BCS director on 'USC effect' in BCS standings

This was my response to a question from a July 9 mailbag item, a popular question that is still coming up.

Dave from San Diego writes: This question has been brought up in several blogs but it really affects the PAC because of course USC plays them all. Do you know the answer? Will omitting USC from the rankings hurt the USC opponents' "Strength of Schedule" calculations in the computer rankings? How can the "quality" of the opponent be evaluated if they don't have a rank?

Ted Miller: USC's omission from the coaches' poll should not affect Pac-10 teams in the BCS standings. It would only affect USC's position in the BCS standings, if that were relevant.

There is no longer a specific "strength of schedule" component in the BCS standings. Obviously, the computer rankings incorporate a "strength of schedule" rating in their formulas. And we don't always know those exact formulas (some insist it is proprietary information) but based on what they tell us, the national polls don't play a role in their formulas -- record and opponents' record (and the record of opponents' opponents) does.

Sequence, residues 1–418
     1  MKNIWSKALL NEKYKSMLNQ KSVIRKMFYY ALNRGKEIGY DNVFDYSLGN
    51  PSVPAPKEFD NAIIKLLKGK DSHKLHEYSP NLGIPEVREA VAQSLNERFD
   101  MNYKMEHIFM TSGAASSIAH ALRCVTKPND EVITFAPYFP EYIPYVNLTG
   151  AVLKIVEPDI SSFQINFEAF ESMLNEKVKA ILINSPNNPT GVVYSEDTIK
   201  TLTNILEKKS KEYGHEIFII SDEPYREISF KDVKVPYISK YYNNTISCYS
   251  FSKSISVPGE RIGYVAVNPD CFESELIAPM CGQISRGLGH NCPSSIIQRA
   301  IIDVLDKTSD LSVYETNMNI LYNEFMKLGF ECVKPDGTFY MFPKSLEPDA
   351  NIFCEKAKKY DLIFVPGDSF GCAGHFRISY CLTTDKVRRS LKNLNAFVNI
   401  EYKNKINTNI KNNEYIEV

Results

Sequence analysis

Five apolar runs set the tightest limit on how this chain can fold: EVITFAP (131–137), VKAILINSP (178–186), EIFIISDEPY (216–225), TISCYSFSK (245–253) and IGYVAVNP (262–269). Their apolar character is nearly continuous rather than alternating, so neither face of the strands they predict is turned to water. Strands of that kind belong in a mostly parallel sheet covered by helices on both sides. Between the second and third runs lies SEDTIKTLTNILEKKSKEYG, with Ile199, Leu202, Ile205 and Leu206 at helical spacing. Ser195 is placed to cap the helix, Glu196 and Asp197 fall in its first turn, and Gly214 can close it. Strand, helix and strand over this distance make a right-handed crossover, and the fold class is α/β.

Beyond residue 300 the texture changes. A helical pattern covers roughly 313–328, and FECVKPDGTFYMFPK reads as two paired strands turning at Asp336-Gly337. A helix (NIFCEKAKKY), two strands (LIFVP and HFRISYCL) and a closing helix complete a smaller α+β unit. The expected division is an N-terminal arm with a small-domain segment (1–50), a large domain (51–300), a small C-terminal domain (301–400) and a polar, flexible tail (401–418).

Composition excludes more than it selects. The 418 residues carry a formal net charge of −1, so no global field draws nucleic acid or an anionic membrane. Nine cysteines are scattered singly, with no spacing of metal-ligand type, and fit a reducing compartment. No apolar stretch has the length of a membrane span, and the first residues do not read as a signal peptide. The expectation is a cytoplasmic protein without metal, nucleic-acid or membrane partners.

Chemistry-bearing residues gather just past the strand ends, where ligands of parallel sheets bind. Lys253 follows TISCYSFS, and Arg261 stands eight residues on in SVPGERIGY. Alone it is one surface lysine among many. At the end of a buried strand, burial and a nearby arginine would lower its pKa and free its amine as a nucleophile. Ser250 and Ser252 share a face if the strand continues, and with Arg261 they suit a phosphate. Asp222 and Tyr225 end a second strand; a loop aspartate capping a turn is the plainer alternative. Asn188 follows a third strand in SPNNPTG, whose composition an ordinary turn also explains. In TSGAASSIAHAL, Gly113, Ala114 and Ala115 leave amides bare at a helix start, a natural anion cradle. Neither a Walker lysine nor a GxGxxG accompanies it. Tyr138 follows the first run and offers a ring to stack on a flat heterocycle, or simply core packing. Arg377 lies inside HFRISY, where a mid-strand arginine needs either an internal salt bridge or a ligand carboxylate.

In other words, if Oregon is fighting among other one-loss teams for a spot in the BCS title game, and one of the Ducks' major achievements is a win over an 11-1 USC team, that win will get full credit in the BCS formula.

Moreover, the AP polls will continue to rank USC (it has always been considered the more significant poll). So that potential ranking of the Trojans will be available for voters in the Harris and coaches' poll to base an evaluation of what competing against the Trojans would mean.

ESPN.com's college football writers had a conference call Monday with BCS executive director Bill Hancock and he concurred: USC's omission from the coaches' poll shouldn't hurt other Pac-10 teams in the BCS standings.

Said Hancock: "I don't believe so. Having said that, it's hard to know how human voters will perceive things. My sense is, at least in the past, when folks have been on probation, it really didn't affect the rankings significantly. I don't believe it will have an effect and it certainly won't have an effect in the computer rankings."

Still, if a conference team is in the national title hunt, it will be interesting to see how things stack up when the BCS standings are first published.